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  • Writer's pictureVibhu Agarwal

Beyond Clinical Trials: Building the Silver Standard of Medical Evidence


Background The demand for healthcare in India reached USD 372 billion in 2022 and driven by rising income, higher health awareness, chronic diseases and better access to health insurance it is expected to grow at 22% CAGR[1]. The availability of medical evidence to inform health policy, public health and patient care decisions is vital for balancing the objectives of efficacy, safety, patients’ values and treatment costs.


Randomized Clinical Trials (RCTs) constitute the gold standard in medical evidence. RCTs are considered superior to other methods of designing scientific studies since they prospectively define the study methodology including inclusion/exclusion criterion, exposures and endpoints. More importantly, RCTs minimize the effect of potential imbalance in the risk factors associated with the outcome that may exist in the patients that were exposed to the treatment versus others (confounding). However RCTs are extremely difficult to conduct. The US Department for Health and Human services has estimated the median cost of a phase 3 trial for a new drug approval to be USD 41 million. It is estimated that nearly 80% RCTs fail to enroll the required number of patients on time and nearly half fail to enroll or retain the number required to power the study. The most significant drawback of RCTs however is poor external validity. RCTs are designed with inclusion and exclusion criteria that facilitate patient enrollment and improve the chances of discovering a clinically significant treatment effect. As a consequence, the inferences drawn from RCTs do not generalize to the “real world” patient population all too frequently. A well known study on 8 year death rate data conducted by a team of researchers at the Johns Hopkins University, places medical interventions as the third leading cause of deaths in the US.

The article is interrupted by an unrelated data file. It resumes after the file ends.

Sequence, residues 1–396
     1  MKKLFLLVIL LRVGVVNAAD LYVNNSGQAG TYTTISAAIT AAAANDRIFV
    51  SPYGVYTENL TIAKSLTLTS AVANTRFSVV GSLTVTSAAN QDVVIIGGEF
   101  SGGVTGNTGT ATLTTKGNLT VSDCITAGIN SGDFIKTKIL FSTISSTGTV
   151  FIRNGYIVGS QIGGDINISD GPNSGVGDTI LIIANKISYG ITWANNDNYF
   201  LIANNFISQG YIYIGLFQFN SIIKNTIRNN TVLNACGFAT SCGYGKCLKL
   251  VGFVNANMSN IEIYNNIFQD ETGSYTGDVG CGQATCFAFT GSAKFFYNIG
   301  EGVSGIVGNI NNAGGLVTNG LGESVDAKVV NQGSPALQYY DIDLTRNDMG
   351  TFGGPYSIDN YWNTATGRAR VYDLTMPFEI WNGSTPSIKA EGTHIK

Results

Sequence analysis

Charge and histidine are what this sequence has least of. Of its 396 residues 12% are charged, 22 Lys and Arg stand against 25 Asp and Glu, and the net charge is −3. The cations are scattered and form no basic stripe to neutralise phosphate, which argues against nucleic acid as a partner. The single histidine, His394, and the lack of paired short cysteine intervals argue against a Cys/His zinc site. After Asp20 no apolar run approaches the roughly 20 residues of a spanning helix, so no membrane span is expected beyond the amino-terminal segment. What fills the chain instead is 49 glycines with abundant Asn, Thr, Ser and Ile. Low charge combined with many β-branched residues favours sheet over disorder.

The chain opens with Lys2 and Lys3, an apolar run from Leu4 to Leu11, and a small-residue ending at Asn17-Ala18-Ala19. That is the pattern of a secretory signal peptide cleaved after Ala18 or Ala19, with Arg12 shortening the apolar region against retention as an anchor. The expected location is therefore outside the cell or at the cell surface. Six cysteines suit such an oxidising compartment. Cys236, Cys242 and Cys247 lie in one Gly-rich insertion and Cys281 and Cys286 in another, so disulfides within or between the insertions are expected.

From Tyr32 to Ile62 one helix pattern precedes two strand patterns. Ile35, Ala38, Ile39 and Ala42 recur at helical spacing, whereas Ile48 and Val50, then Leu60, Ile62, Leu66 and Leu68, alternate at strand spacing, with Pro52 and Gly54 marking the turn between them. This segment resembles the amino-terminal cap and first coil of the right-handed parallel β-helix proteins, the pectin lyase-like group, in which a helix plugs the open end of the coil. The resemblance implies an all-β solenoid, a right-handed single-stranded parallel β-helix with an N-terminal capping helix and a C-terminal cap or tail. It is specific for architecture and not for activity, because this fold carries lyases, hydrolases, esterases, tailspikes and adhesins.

On the other hand, observational studies – in which the exposure and other independent variables are not set by design, may often be executed inexpensively to yield valid medical evidence. Specifically, retrospective observational studies can take advantage of historical patient data that gets generated during medical treatments. For instance in the 1980s, a retrospective case-control study led to the identification of a prone sleeping position in infants as a risk factor for sudden infant death syndrome[2]. Public health programs such as vaccinations require periodic reassessment of safety and efficacy and are another use case where observational studies offer a timely and pragmatic approach to generating medical evidence. Development of evidence-based guidelines for rare diseases – where severe sample size constraints may not permit RCTs to be conducted, is yet another area in which the evidence from observational studies may be more important than what is obtainable from RCTs[3]. Lastly, since the evidence from RCTs informs only a small proportion of medical interventions[4] (estimates vary between 10 - 20%), the case for using “big” patient data to advance evidenced-based medical practice seems obvious.


Opportunity Towards its goal of achieving universal health care as part of sustainable development goals, the Indian government introduced the Ayushman Bharat Pradhan Mantri Jan Arogya Yojana (PM-JAY) in 2018 with aim of providing healthcare insurance to 100 million families which translates into nearly 540 million beneficiaries obtaining healthcare cover of INR 0.5 million per year. The PM-JAY is the largest government sponsored healthcare program in the world. Between 2018 through 2022 a total of 3,67,45,368 hospitalizations worth INR 453,761.5 million were recorded under this program. The indications, treatments and the associated costs captured as longitudinal, computer-readable claims generated during these medical episodes represent an invaluable resource for medical research. To put this into perspective, the Nationwide Inpatient Sample (NIS)–the largest all-payer inpatient database in the United States that captures approximately 8 million hospitalizations every year, is the most commonly used ‘big-data’ repository supporting as many as 42% of medical studies within certain specialities[5]. By comparison, not only does the PM-JAY represent a population that is several times larger, but also one that may be engaging with the healthcare ecosystem for the very first time and has remained understudied and underserved thus far. The PM-JAY claims data therefore holds immense potential to advance medical research, along the lines of the NIS but with far greater impact.